Let me back up.
In 1997, I wrote a novel. After a lengthy period of writing in the SF/F genres exclusively (though I didn’t think of them as genres back then but just as Shit I Wanted to Read and Therefore Write About) I entered into a period I think of as my Faux Literary Period, where I thought I should be writing about Velly Important Stuff and eschewing things like robots and magic. So I started writing about a bunch of alcoholic losers who rob an office where one of them works, thinking it would change their lives. At first it was titled Lie Down in Our Graves after a Dave Mathews song I’ve never heard, because my titles always suck.
I renamed the novel Lifers and in 1999 started sending it out, and sold it, unagented, to a tiny publisher out in California. For money! A microscopic advance and a standard royalty rate. I figured I’d made it and began purchasing rare whiskies in bulk.
I wish I’d had an agent, however, as it was a terrible contract I was saved from only because the publisher went out of business in 2004. I will never know how many copies of Lifers sold back then since I never received any sort of statement from them. Lifers got reviewed in The New York Times Book Review and The Philadelphia Inquirer but that didn’t amount to much.
So I started working on new novels. I wrote a few that shared a universe with Lifers because I thought it would be cool to do that. In 2001 I wrote a novel titled In Sad Review which I thought was pretty good, and a few years later I started sending it around – this time to agents, because my experience with Lifers had taught me that I needed someone who knew what they were doing on my side. In 2004 I got a response from an agent. She was just getting started, but she loved the book, and she signed me up, although she required me to ditch the terrible title and re-christened it Chum. I figured I’d made it, and began purchasing furnishings for my future mansion.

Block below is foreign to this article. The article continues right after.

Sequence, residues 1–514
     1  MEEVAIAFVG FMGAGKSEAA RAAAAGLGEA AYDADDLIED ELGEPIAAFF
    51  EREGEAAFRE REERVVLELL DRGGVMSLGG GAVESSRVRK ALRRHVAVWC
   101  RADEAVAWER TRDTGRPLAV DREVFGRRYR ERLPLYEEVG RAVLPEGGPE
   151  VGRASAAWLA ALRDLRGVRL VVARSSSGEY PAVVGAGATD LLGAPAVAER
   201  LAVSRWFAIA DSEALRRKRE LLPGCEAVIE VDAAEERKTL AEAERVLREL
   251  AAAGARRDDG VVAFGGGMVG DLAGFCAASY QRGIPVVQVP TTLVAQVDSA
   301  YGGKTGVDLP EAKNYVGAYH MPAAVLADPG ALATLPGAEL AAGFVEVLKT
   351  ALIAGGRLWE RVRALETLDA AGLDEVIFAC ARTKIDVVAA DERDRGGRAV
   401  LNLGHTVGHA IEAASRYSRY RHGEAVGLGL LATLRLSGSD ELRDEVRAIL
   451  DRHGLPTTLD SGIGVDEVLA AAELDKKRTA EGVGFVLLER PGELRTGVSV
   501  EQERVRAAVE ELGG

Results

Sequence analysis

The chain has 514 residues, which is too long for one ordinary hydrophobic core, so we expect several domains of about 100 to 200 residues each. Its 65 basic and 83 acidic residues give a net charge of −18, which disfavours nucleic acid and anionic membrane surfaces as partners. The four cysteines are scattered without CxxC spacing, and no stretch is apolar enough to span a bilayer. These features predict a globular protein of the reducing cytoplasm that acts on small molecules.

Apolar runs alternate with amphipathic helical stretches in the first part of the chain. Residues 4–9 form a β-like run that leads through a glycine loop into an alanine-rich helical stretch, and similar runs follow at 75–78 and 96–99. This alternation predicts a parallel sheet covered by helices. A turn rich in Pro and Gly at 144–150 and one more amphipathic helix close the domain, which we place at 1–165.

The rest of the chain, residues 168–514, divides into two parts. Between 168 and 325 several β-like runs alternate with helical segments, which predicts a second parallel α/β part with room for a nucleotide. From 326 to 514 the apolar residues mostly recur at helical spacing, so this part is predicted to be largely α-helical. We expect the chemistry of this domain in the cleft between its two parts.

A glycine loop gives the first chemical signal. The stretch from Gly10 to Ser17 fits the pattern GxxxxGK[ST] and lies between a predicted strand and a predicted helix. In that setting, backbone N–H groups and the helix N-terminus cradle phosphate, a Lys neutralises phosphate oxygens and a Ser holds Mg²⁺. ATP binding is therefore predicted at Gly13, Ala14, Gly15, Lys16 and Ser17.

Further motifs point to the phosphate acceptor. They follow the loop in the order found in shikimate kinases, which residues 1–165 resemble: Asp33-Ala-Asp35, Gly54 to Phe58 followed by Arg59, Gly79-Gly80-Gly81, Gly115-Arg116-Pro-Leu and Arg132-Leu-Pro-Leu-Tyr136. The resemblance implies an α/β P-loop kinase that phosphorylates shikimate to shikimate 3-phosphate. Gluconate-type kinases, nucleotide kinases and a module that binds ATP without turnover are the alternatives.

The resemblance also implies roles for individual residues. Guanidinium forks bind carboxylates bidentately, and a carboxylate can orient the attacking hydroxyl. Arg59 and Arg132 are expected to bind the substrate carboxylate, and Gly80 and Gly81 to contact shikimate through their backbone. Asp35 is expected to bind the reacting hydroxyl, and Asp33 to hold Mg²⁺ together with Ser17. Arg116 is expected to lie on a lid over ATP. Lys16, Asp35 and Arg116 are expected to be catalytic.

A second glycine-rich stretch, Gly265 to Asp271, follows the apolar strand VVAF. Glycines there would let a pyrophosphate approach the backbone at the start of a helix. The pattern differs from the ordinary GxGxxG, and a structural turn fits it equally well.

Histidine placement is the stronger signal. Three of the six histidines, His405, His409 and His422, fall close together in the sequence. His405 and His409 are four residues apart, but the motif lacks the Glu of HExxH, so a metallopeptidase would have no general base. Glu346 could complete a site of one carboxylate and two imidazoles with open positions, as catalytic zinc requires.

A year or two later we hadn’t sold it, and I embarked on the first of several revisions, deleting material, adding material, sharpening it. Then we sort of accidentally sold a science fiction book called The Electric Church. I figured I’d made it, and began having all my underwear custom made in Italy.
Let’s fast-forward over the next nine years or so. Nine years. Occasionally we’d take Chum out of its jar and poke at it. I rewrote it a total of five times, I think. When we were bored or depressed we’d have a Chum party. My agent had smart people in her office read it and give me notes. Every now and then I’d ask her if Chum was a dead letter because it had been on submission for so long. She’d always assure me that Chum had a special place in her heart and would never be abandoned.
And this week, nine years later, I signed a contract to publish this book.
If nine years and five revisions isn’t inspiring, I don’t understand you. It underscores how much of the publishing business is about the right time, the right editor. All you need is someone who reads your work with the same level of enthusiasm that you have when you wrote it.
Chum isn’t exactly a sequel to Lifers. It shares a universe and some characters, but the story is wholly independent. In Chum you can also glimpse scenes from other novels I wrote around the same time, all unpublished. But after this, who knows? You may see them after all.